In some regions, especially in Schleswig-Holstein where Danish influence is noticeable, a roasted duck or goose filled with plums, apples and raisins is family tradition. In other regions, especially in Mecklenburg and Pomerania, many families prefer kale with boiled potatoes, special sausages and ham.

Many families have developed new traditions for themselves and eat such meals as meat fondue or raclette. In almost all families in all parts of Germany you find a wide variety of Christmas cookies baked according to recipes typical for the family and the region.

Old Town Square in Prague, Czech Republic – Christmastime.

Christmas Eve is celebrated as Štědrý den/Štedrý deň (Generous Day) when the gifts are given in the evening. December 25 and 26 are Public holidays in the Czech Republic and in Slovakia, but Christmas (Vánoce/Vianoce), is most commonly associated with the 24th.

According to tradition, gifts are brought by Ježíšek/Ježiško (baby Jesus). Fish soup and breaded roasted carp with special homemade potato salad are a traditional dish for the dinner.

Christmas Wafer in a basket.

In Slovakia, before eating, everyone exchanges Christmas greetings with each other by sharing a piece of Christmas wafer (Oblátky) with honey and walnuts. Traditional dinner depends on region, but common Christmas dinner is cabbage soup (Kapustnica) or lentil soup and breaded roasted carp with special homemade potato salad or handmade gnocchi with poppy (šúľanky s makom).

The gifts are surreptitiously placed under the Christmas tree (usually a spruce, pine or fir), usually just before or during dinner. After Christmas dinner, Children have to wait for the ringing of a Christmas bell on the tree to run for the presents.

Other Czech and Slovak Christmas traditions involve predictions for the future. Apples are cut crosswise and if a perfect star appears in the core, the next year will be successful, distorted star means a bad year or illness, while a cross may suggest death.

Girls throw shoes over their shoulders and if the toe points to the door, the girl will get married soon. Another tradition requires pouring some molten lead into water and guessing a message from its shapes.

In Catholic Slovakia, the tradition of Jasličkári involves young men dressed as shepherds or angels visiting their neighbors and presenting recitations and songs about the story of the birth of Jesus.

Although the role of gift-giver on Christmas Day itself is assigned to the Christ Child, on the night before St. Nicholas Day Hungarian children traditionally place a boot on their windowsill waiting for Mikulás (or Szent Miklós) to come by and fill it with treats.

Baumkuchen in Budapest

In Hungary, celebrations begin with Christmas tree decoration and gift packaging during daytime on December 24, then comes a family dinner with traditional Christmas meals. In some parts of Hungary, a traditional supper called fish soup (halászlé) is served for Christmas Eve meal, otherwise the day is a fast-day.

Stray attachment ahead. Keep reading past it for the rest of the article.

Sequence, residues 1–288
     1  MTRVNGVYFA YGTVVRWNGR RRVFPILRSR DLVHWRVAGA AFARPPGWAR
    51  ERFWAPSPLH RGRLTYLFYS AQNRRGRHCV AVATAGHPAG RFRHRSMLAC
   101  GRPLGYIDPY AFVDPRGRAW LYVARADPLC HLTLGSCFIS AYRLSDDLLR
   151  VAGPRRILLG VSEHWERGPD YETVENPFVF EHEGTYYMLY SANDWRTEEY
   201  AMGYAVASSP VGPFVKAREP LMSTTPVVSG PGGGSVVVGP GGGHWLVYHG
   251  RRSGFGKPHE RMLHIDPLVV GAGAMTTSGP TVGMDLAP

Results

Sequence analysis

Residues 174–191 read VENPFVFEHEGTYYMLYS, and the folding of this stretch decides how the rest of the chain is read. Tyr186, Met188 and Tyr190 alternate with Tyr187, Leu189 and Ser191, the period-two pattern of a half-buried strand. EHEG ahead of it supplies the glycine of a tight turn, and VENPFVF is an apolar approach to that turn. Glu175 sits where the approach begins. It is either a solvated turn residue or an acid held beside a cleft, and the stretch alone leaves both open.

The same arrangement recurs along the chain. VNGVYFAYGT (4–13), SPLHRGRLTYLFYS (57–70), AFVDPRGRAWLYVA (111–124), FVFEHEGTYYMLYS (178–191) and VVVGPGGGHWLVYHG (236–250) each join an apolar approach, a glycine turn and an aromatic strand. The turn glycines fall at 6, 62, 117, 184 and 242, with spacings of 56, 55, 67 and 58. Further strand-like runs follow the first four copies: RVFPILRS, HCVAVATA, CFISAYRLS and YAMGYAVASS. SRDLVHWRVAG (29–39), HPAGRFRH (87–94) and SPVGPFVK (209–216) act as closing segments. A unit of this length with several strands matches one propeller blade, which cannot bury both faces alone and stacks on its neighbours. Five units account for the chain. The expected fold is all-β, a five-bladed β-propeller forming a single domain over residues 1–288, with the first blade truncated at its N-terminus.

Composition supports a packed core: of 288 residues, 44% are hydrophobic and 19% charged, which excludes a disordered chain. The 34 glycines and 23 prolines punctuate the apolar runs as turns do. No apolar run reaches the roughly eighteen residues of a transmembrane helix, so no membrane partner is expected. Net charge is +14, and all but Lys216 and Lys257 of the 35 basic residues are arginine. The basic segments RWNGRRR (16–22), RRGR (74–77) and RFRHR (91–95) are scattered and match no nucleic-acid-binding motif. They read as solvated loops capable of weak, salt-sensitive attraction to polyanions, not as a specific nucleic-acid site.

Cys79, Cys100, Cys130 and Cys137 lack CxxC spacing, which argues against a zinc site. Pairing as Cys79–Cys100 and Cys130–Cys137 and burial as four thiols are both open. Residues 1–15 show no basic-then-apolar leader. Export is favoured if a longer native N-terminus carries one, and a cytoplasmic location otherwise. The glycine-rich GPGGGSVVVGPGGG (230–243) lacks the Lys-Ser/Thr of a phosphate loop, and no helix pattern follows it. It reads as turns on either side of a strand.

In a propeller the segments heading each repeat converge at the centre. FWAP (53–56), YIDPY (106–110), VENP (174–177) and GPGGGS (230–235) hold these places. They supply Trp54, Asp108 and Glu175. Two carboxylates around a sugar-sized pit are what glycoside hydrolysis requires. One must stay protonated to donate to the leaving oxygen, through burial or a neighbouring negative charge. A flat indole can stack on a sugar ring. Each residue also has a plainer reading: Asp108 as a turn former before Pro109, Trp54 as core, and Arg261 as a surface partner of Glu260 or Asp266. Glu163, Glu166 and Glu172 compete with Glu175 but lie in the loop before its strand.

There is also a popular folk custom during December and especially on Christmas Eve, in which children or adults present the birth of Jesus. The custom is called playing Bethlehem, and it is an acting performance, where the actors are wearing costumes, and telling stories about the 3 kings, the shepherds, Mary, Joseph and of course the birth of the Holy Child.

A Christmas crib and a church are used as the scene. The actors go from house to house, and they receive gifts for their performance.

In the largely Roman Catholic Poland, Christmas Eve begins with a day of fasting and then a night of feasting. The traditional Christmas meal is known as Wigilia (The Vigil), and being invited to attend a Wigilia dinner with a family is considered a high honor.

Traditional Polish Wigilia meal.

A traditional Wigilia supper in Poland includes fried carp and barszcz (beetroot soup) with uszka (little ears, also known as meatless ravioli). Common dishes are fish soup, with potato salad, pierogi, gołąbki filled with kasza, pickled herring and fruit kompot.

The dinner contains 12 dishes symbolizing the Twelve Apostles. In many homes, an extra place setting is set and is symbolically left at the table for a lonely wanderer who may be in need of food, an angel, the Baby Jesus or the Holy Spirit should appear to share the feast.

Before eating, everyone exchanges Christmas greetings with each other. The supper begins with the breaking of the opłatek. By sharing a piece of Christmas wafer (Opłatki), when everyone at the table breaks off a piece and eats it as a symbol of their unity with Christ.